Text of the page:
The Fair Labor Standards Act (FLSA) requires most employees in the United States to be paid at least the federal minimum wage for all hours worked and overtime, at a rate of one and one-half the regular pay rate, for all hours worked over 40 hours during a single workweek.
The FLSA provides a “floor” or a minimum standard that may be exceeded, but never reduced or waived. Employers must also comply with any Federal, State or municipal laws, which establish a higher minimum wage or lower maximum workweek than those established under the FLSA. Many employers, on their own, set a higher minimum wage, a lower maximum workweek or a higher overtime rate than the FLSA mandates.
Yet under Section 13(a)(1) of the FLSA, some employees are exempt from both minimum wage and overtime pay if they are employed as an executive, administrative, professional, computer and outside sales employees.
For employees to qualify for exemption, they must meet certain tests regarding their job duties and salary basis. An employee’s specific job duties and salary must meet all of requirements under the law to qualify for the exemption. The salary basis may not be less than $455 per week and job titles are not dispositive in determining exempt status. Non-exempt employees cannot have their salary reduced if they come to work late or take a half-day off but reductions can be made for a full-day absence for personal reasons or a sick leave according to the employer’s plan. The following are tests an employee must satisfy to qualify for each exemption.
The exemptions under FLSA Section 13(a)(1) apply only to “white collar” employees who meet the salary and duty test set forth in Part 541 of the regulations. The exemptions do not apply to manual laborers or other “blue collar” workers who perform work involving repetitive operations with their hands, physical skill and energy. Workers such as carpenters, electricians, mechanics, plumbers, iron workers, craftsmen, operating engineers, longshoremen, construction workers and laborers are entitled to minimum wage and overtime pay under the FLSA. These workers are not exempt under Part 541 no matter how highly paid they may be.
The exemptions also do not apply to police officers, detectives, deputy sheriffs, state troopers, highway patrol officers, investigators, inspectors, correctional officers, parole or probation officers, park rangers, fire fighters, paramedics, emergency medical technicians, ambulance personnel, rescue workers, hazardous materials workers and other similar employees, regardless of their rank or pay level. These employees are exempt because the jobs they perform are important to public safety and because the employees put their lives at risk.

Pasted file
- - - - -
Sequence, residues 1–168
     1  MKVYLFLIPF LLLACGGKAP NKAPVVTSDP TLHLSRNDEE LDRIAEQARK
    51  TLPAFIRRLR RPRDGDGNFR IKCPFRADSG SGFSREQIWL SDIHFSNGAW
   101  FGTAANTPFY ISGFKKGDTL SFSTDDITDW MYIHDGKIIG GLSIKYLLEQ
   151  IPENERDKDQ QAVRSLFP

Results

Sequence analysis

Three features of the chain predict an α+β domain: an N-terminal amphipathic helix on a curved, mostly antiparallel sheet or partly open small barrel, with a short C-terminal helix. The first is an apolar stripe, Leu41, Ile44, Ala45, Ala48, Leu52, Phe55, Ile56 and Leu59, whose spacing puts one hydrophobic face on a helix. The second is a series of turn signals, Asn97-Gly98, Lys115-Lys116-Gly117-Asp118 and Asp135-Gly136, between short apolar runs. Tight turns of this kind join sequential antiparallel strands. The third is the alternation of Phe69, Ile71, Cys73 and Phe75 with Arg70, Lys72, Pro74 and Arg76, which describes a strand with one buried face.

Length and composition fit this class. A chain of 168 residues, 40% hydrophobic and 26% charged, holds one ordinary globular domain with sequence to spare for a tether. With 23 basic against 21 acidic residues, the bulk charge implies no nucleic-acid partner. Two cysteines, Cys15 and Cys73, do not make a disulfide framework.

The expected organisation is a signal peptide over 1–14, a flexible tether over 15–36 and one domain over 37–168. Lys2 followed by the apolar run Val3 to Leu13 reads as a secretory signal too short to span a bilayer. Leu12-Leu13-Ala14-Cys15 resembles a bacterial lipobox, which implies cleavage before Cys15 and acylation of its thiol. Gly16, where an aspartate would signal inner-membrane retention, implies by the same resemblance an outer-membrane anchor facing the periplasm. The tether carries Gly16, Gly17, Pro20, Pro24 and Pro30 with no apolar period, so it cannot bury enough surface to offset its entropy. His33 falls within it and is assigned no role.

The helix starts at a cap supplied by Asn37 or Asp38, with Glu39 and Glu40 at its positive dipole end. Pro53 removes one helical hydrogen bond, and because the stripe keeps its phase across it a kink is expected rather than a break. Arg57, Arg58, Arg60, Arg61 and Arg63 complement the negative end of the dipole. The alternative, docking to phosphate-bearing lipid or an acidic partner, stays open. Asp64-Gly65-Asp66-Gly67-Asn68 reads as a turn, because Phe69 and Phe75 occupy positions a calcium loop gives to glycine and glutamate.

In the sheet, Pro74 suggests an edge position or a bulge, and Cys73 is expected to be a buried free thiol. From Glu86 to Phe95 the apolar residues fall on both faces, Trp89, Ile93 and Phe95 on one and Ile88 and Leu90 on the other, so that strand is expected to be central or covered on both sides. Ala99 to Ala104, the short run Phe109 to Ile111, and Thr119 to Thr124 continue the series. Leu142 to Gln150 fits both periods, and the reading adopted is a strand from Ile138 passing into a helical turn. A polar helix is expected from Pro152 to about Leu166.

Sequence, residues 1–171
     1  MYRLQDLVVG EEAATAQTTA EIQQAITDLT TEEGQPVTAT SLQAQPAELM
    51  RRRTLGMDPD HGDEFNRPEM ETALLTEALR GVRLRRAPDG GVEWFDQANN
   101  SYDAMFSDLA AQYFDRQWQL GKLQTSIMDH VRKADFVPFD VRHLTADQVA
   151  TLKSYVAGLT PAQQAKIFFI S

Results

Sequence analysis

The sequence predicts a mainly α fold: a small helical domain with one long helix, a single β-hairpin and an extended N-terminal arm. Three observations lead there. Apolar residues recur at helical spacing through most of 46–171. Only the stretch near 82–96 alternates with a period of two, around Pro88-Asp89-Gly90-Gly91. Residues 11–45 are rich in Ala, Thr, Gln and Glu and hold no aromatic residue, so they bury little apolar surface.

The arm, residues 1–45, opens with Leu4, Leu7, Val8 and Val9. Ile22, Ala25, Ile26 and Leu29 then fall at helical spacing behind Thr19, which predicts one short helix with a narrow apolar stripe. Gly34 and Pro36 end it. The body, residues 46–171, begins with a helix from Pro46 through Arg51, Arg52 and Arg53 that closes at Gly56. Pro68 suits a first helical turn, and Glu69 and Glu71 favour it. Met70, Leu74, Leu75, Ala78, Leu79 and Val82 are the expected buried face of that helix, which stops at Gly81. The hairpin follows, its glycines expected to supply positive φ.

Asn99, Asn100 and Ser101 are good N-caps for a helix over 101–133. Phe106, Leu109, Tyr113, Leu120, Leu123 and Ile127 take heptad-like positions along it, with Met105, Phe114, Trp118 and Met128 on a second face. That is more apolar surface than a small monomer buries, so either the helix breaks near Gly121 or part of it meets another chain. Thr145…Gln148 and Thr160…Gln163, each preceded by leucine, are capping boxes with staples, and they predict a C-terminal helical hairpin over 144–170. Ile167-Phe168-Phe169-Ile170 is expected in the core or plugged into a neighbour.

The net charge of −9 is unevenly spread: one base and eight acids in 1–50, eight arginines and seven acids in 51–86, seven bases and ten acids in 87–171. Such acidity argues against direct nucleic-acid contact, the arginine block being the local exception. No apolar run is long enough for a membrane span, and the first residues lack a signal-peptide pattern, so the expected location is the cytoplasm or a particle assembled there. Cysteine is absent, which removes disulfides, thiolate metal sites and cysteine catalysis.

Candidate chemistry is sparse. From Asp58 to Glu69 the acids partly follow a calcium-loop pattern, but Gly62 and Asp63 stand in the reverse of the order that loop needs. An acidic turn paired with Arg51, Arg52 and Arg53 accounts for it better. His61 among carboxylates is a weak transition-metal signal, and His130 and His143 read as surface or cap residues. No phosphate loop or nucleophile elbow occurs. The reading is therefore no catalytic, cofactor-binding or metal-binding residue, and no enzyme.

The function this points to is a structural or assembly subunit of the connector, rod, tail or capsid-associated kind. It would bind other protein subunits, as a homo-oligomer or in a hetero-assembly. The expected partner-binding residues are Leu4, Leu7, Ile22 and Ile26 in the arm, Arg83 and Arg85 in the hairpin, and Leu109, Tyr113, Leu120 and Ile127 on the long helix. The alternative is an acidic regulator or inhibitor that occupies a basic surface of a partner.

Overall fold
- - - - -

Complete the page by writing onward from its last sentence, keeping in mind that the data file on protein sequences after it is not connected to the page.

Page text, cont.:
If employers deduct exempt employees’ salary, these employees may be re-categorized as non-exempt employees. This allows re-categorized employees to sue for liquidated damages and back up for up to two years. However, there is a “safe harbor” rule that protects employers who make mistaken deductions. Under this rule, if an employer has a written company policy, which is communicated to employees and followed, and the errors are correctly promptly, then employer is protected from liquidated damages and back pay payments.
Employers can deduct the costs of company uniforms from an employee’s paycheck as long as the deduction does not reduce the employee’s earnings below the minimum wage rate. If the company uniforms can be used for the employee’s benefit when not at work, than the employer can force the employee to pay for the uniform. However, if the uniform can only be worn exclusively at work, then the employer is responsible to provide the employee with a uniform.
Under New York Labor Law Section 193, deductions other than those required by law or requested by the employee for the employee’s own benefit are illegal. A 401k plan is an example of a permissible deduction that is requested by the employee for his or her own benefit. Even if an employee breaks equipment or merchandise while working, the employer cannot deduct the lost value from the employee’s pay.
Non-exempt employees are not paid for meals, breaks and rest times as long as employees do not perform any work during those times. Travel time is not considered work time because employees take their own time to get to work. Travel time may qualify as work time if the employer instructs the employee to travel and it is for the employer’s benefit.
Company meetings or trainings can be considered work time. If such meetings or trainings are job related and required by the employer, then employees must be paid for their time. But if the meetings or trainings are voluntary and not job related, the employer is not required to pay the employees for their time.
At Leeds Brown Law, PC, our employment law attorneys are dedicated to resolving issues of wage and hour disputes. Our firm has had considerable success in handling matters such as these throughout Long Island and the New York City area. We take great pride not only in providing quality legal service and representation, but also in being there for clients when they need it most.
For more information, contact Leeds Brown Law, PC at 1-516-873-9550